Once while St. Francis of Asissi was hoeing his garden, he was asked, "What would you do if you were to suddenly learn that you were to die at sunset today?" He replied, "I would finish hoeing my garden."
That's a question that all of us pose to ourselves at some time or other. What would we do if we knew for certain that this would be our last day? I'm not sure I could be as faithful to my assigned task as St. Francis. I feel I would want to see my children and grandchildren, that somehow I would want to gather life to me. But that might not be possible. And even if it was, how sad that might make them. Perhaps it would be better to continue to hoe whatever garden was yours that day.
The Shakers had a saying that I've used often in my Shaker novels. "Do your work as if you had a thousand years to live or as if you were to die tomorrow." They believed in doing their work as perfectly as possible but also as efficiently as possible. Then there's Isaac Asimov who when asked what he would do if he only had six months to live, responded "Type faster."
Few of us are given a specific time to know when we are at the final sunset of our time. We think we will have a sunrise on the morrow. And most of us will. But not all of us. Accidents and tragedies steal young people before their time. Cancer is no respecter of age either, and we all know that terrible things can happen because people allow evil to overtake them. The Colorado shooting is grim evidence of that.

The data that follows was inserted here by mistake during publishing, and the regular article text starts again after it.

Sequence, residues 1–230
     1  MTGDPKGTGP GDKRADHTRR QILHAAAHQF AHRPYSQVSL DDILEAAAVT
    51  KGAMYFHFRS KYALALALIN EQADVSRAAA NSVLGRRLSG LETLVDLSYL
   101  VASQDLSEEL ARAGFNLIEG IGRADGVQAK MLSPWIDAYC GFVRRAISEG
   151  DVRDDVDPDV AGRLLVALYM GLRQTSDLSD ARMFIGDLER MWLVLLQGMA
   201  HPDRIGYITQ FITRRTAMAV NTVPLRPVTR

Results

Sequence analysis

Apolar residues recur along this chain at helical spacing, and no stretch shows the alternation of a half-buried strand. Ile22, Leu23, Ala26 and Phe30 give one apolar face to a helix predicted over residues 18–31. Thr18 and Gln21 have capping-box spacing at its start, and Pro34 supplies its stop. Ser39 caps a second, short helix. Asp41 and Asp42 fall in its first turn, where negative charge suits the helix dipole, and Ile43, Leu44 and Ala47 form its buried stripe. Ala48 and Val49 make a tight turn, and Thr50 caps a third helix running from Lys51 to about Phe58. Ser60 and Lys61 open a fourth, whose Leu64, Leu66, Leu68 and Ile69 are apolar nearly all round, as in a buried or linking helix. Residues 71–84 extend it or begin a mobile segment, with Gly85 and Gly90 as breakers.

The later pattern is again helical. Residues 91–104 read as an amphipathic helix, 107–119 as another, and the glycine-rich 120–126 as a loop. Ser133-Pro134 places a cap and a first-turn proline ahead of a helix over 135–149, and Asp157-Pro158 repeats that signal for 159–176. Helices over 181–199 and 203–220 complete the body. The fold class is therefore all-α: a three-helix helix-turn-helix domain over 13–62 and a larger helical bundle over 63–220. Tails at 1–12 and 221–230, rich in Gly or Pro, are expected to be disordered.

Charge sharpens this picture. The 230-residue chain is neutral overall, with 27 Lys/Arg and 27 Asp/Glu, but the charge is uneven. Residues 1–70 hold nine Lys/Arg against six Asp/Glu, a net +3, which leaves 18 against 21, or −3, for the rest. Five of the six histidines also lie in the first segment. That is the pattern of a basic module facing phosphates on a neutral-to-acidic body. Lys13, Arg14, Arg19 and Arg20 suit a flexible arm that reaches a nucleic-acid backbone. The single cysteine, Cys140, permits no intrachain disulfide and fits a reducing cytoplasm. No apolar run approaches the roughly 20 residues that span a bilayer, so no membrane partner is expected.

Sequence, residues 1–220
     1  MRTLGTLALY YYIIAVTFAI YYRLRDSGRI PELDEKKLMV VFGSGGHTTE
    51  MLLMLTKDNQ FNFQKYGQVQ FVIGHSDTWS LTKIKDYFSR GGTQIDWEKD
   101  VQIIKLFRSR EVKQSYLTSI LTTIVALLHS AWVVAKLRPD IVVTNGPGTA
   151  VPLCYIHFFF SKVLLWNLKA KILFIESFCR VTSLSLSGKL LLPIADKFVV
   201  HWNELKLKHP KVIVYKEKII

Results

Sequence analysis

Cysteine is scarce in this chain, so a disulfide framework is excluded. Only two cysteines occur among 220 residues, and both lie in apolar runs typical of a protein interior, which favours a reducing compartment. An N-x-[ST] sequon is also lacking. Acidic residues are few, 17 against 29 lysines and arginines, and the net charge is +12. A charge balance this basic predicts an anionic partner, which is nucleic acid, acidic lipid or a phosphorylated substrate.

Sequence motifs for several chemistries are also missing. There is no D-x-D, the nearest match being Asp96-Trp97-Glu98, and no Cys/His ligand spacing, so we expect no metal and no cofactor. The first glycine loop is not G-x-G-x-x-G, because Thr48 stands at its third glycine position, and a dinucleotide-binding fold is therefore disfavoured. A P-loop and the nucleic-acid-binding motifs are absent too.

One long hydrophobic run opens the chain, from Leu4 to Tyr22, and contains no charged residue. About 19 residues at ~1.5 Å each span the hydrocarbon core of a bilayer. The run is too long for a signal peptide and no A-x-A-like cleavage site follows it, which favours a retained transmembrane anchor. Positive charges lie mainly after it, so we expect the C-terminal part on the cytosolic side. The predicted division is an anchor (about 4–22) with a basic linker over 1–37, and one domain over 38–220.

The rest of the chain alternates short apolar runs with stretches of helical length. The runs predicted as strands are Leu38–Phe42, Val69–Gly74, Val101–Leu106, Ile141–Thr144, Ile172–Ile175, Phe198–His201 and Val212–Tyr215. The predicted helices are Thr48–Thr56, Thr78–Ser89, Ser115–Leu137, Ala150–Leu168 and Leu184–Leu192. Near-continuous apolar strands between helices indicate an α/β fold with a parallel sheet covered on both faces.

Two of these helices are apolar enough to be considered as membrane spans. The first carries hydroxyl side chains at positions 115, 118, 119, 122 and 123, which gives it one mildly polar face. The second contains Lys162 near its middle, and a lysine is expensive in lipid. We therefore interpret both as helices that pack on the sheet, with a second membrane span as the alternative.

My mother is 92, definitely in the sunset time of her life, but in her mind she's gone back to a younger time. It would be good if she could dwell in those memories and simply remember. But she thinks she needs to physically go back to that time, to see her mother and father, to fix her husband dinner, to see her sisters. Is it any wonder she sometimes looks at me and calls me her sister's name? I can't possibly be her daughter who is still just a baby somewhere needing to be cared for. One day when she was asking for Ann, I told her I was Ann. She said, "No, I mean the little Ann."
The little Ann is long gone, but maybe not for Mom. We try to be as kind as possible when we tell her we can't take her to see her mother or father. Often we try to not answer the question, but sometimes it can't be avoided. The trouble is that even after we tell her and she accepts it as true, five minutes later, she's asking to go see her mother again. It's hard to hear such sad news over and over and hard to have to deliver it too. We're going to try to take Mom home this week. It won't be the right home, the home she wants to go to, but we're hoping she'll be less sad.
It's an unavoidable truth that the sunset of time will come for all of us, but until then we'll just keep hoeing in our gardens. Or maybe type faster.
For sure, the sunset of time up is coming for my Celebration giveaways. If you haven't thrown your name in the pot for the prizes of a Shaker music box, a basket and book or a beautiful pottery pitcher, you've got until midnight EST on Tuesday to go to my website and do that. I'll try to announce the winners on Wednesday if things aren't too crazy with Mom going home.
As always, thanks for reading.